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Mercedes write an open letter to Formula One fans emphasising team unity

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The team pointed out how much hard work was done behind the scenes to give each driver an equal chance.

Formula One - Australia Grand Prix - Melbourne, Australia - 20/03/16 - Australian Formula One Grand Prix winner, Mercedes F1 driver Nico Rosberg (R) speaks with team mate Lewis Hamilton at the post-race press conference in Melbourne. REUTERS/Brandon Malone/Files
Australian Formula One Grand Prix winner, Mercedes F1 driver Nico Rosberg (R) speaks with teammate Lewis Hamilton at the post-race press conference in Melbourne
 

Mercedes published an open letter to Formula One fans on Wednesday to emphasise team unity and counter accusations that championship leader Nico Rosberg is favoured over Lewis Hamilton.

German driver Rosberg has won seven races in a row, including the first four of 2016, while Briton Hamilton has not triumphed since he won his third world title in Texas last October.

Hamilton has also had two engine failures in four races. Mercedes motorsport head Toto Wolff spoke out against social media critics and conspiracy theorists at last weekend's Russian Grand Prix.

The team returned to the theme, addressing "the haters, the naysayers, the conspirators" and pointing out how much hard work was done behind the scenes to give each driver an equal chance.

"We have seen a lot of frustration aired online after the mechanical issues experienced in Sochi. We share those same emotions -- but for us it goes far beyond frustration," the letter said.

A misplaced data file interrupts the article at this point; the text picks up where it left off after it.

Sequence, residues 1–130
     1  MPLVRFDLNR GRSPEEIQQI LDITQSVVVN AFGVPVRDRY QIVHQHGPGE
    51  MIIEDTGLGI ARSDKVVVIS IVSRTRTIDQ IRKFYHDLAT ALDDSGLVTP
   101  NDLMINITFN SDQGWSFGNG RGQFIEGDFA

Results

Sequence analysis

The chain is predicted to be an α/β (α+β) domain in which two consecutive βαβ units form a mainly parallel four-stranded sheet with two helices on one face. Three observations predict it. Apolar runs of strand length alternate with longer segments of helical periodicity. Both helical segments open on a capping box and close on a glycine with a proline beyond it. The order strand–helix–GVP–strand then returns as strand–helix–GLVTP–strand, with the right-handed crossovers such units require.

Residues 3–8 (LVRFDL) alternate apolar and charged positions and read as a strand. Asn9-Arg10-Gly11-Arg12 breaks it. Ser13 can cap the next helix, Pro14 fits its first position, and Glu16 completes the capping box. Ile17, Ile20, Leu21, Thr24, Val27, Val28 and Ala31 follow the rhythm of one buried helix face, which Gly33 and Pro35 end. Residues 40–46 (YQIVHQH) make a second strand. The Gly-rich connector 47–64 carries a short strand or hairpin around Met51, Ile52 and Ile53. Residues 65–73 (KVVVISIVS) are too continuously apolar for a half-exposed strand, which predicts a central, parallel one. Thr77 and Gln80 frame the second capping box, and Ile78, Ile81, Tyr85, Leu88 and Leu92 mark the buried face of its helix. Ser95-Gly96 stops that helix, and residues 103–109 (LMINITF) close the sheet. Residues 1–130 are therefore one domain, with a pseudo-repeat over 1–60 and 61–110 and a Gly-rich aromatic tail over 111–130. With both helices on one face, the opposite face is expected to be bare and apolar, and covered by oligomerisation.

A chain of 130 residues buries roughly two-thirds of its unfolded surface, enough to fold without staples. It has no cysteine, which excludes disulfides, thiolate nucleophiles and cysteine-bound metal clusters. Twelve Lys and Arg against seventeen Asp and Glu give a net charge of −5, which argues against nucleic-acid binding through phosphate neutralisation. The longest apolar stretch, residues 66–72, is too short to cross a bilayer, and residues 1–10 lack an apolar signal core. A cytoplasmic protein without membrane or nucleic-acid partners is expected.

"There is no 'A' or 'B' team here," it said after chronicling the amount of work put in by more than 1,000 employees at the factory and race track to make the team successful.

Rosberg and Hamilton finished one-two in Russia but Mercedes said that had been little short of miraculous, despite appearances.

Some "alarming behaviour" was detected from Rosberg's energy recovery system after his pitstop and, after consulting with the governing FIA, the team told him to switch to a setting that would control the issue.

The water pressure in Hamilton's car then dropped dramatically, and he was told to take it easy. Mercedes said the champion lost all pressure for the final 16 laps: "We genuinely aren't sure by what miracle the car limped across the line, but we're certainly not going to complain."

The team recognised they had not met their own expectations on reliability, despite winning the last 10 races and 36 of the last 42, but said failures were inevitable in a mechanical sport.

The next race in the 21-round season is the Spanish Grand Prix in Barcelona on May 15.


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